On the day of the shooting, a grandfather of one of the murdered Amish girls was heard warning some young relatives not to hate the killer, saying, “We must not think evil of this man.”[15] Another Amish father noted, “He had a mother and a wife and a soul and now he’s standing before a just God.”[16]

Jack Meyer, a member of the Brethren community living near the Amish in Lancaster County, explained: “I don’t think there’s anybody here that wants to do anything but forgive and not only reach out to those who have suffered a loss in that way but to reach out to the family of the man who committed these acts.”[15]

A Roberts family spokesman said an Amish neighbor comforted the Roberts family hours after the shooting and extended forgiveness to them.[17] Amish community members visited and comforted Roberts’ widow, parents, and parents-in-law. One Amish man held Roberts’ sobbing father in his arms, reportedly for as long as an hour, to comfort him.

Amish community members visited and comforted Roberts’ widow, parents, and parents-in-law. One Amish man held Roberts’ sobbing father in his arms, reportedly for as long as an hour, to comfort him.[18] The Amish also set up a charitable fund for the family of the shooter.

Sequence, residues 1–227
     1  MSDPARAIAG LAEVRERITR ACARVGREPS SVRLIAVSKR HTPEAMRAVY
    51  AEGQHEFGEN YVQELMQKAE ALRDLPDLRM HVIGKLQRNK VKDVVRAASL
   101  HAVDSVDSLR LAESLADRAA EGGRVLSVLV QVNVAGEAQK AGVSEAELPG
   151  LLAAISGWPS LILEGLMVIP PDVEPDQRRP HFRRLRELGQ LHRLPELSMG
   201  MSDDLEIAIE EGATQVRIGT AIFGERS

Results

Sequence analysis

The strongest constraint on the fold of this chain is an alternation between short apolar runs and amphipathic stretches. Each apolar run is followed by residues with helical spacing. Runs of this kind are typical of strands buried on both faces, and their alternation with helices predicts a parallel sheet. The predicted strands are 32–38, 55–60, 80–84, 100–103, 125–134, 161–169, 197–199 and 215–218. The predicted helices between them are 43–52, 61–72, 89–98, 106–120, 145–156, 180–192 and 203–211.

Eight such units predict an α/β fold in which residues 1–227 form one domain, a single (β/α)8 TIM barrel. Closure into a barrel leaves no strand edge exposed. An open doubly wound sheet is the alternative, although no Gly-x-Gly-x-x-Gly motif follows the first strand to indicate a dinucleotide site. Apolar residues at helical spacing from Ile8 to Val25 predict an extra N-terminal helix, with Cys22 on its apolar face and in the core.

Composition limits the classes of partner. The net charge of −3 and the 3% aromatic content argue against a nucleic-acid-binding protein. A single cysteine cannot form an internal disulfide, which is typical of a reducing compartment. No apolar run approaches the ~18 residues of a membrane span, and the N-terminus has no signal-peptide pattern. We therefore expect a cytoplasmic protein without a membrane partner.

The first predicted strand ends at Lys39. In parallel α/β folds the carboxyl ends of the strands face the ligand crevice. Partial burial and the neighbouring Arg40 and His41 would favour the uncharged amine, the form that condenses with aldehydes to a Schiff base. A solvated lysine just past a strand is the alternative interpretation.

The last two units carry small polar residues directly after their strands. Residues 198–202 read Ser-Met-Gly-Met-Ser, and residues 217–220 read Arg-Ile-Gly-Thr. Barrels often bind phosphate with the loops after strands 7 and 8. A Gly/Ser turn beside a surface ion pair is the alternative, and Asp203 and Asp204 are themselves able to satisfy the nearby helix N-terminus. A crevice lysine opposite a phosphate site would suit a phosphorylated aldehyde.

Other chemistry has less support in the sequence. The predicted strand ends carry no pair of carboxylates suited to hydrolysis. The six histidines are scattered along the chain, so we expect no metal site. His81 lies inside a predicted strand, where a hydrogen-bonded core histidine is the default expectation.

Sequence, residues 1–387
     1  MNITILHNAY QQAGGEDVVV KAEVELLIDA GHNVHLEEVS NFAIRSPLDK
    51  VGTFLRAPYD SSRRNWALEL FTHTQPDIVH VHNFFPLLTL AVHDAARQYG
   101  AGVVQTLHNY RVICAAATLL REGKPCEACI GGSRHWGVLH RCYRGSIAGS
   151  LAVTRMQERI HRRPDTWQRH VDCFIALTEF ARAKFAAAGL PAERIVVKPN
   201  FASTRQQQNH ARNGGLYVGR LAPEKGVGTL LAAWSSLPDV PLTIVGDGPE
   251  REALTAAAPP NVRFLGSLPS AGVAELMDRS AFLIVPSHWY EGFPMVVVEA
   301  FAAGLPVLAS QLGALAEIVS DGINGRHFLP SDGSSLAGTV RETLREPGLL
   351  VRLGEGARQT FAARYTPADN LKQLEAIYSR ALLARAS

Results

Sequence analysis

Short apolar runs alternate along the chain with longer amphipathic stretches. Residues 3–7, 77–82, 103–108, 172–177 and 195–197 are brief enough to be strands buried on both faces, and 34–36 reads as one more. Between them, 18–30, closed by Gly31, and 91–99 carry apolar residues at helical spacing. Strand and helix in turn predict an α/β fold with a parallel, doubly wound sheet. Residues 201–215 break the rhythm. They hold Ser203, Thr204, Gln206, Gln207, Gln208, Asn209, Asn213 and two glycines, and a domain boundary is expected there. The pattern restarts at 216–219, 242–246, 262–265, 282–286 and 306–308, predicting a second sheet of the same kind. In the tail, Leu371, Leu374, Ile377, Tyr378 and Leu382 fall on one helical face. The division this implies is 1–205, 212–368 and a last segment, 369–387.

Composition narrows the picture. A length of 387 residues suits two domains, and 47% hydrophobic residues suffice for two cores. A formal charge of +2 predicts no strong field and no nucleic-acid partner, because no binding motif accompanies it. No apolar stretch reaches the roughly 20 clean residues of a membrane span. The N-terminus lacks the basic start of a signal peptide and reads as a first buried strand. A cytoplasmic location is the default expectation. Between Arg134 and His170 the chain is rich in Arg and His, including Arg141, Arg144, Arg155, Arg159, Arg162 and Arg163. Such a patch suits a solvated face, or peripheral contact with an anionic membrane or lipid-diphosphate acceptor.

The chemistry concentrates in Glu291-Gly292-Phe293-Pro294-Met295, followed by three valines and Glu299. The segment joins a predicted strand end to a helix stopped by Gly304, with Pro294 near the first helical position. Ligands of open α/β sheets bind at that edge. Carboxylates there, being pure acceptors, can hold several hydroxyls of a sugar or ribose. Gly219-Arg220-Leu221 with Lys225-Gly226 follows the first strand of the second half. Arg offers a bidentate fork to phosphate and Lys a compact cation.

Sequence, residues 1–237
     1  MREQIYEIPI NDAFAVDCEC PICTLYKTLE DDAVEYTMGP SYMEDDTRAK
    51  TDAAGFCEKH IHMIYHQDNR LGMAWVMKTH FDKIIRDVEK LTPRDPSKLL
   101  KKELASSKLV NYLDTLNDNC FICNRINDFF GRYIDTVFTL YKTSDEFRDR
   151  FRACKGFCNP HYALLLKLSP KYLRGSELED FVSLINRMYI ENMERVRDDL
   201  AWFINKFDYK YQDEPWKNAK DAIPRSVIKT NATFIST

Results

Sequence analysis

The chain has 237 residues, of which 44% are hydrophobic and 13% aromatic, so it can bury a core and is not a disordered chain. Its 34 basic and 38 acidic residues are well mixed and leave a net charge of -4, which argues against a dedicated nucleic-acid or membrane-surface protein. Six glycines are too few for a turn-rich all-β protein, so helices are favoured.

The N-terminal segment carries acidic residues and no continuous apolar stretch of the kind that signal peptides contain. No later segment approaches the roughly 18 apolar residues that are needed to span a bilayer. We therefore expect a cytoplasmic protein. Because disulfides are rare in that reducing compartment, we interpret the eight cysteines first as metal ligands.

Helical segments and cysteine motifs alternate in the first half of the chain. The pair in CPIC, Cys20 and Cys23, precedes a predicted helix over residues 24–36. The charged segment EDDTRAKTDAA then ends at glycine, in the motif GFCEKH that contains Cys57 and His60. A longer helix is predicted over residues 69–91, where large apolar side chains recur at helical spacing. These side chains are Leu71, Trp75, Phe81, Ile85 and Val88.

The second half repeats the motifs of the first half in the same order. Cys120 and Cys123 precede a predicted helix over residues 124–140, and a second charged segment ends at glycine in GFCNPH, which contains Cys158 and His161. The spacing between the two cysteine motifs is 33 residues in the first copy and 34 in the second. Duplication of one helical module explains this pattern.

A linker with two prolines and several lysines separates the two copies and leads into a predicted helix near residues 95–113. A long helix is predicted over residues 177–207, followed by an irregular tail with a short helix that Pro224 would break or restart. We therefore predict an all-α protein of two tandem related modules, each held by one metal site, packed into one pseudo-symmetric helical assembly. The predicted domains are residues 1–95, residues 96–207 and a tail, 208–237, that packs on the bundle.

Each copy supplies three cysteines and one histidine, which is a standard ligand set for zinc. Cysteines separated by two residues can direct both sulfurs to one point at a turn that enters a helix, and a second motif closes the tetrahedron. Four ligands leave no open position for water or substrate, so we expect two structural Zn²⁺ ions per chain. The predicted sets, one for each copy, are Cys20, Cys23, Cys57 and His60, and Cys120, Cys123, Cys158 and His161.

The Amish also set up a charitable fund for the family of the shooter.[19] About 30 members of the Amish community attended Roberts’ funeral,

About 30 members of the Amish community attended Roberts’ funeral,[18] and Marie Roberts, the widow of the killer, was one of the few outsiders invited to the funeral of one of the victims.[20]

Excerpted from Wikipedia Article “Amish School Shooting”. Read the full article here http://en.wikipedia.org/wiki/Amish_school_shooting

Nancy Omeara - Lazy Hate

Lazy Hate

Does anyone wake up bright and early and say to themselves, “I know, today I’m going to find someone new to hate. That will be a fun day.  Hmm, let’s see. Who will it be?

“I’ve got it. Today I’ll go after drivers. But that’s such a big category – lots of possibilities. Have to narrow that down. Should I hate everyone who cuts me off in traffic?  Too many.

“What about someone who dives across my lane veering 90 degrees to make a turn? Strong potential.  But they might have a good excuse with the bad signage around here.  Maybe the person who pulls up two yards behind me, flashes their brights so I’ll move over when it’s obvious there’s a car on my right and a 4×4 in front of me and nowhere for me to go.  Good candidate – unless he’s driving his very pregnant and now- n-labor wife to a hospital.  Of course, there’s always that odd duck trudging 50 mph on a 70 speed limit freeway.  Who doled out that guy’s license?

“In fact, all these bad drivers got licensed by someone. Aha! Now I’ve got it.  The incompetent nincompoop who grants the licenses – that would be the right person to hate.

“But how could I ever find them?  Every single lousy driver I encounter was probably licensed by a different person.  Finding each of them sounds too much like work.

“Guess I’ll just stick to hating all those rotten drivers.  Ahhh, that feels so good.”

Nobody really thinks like that, do they?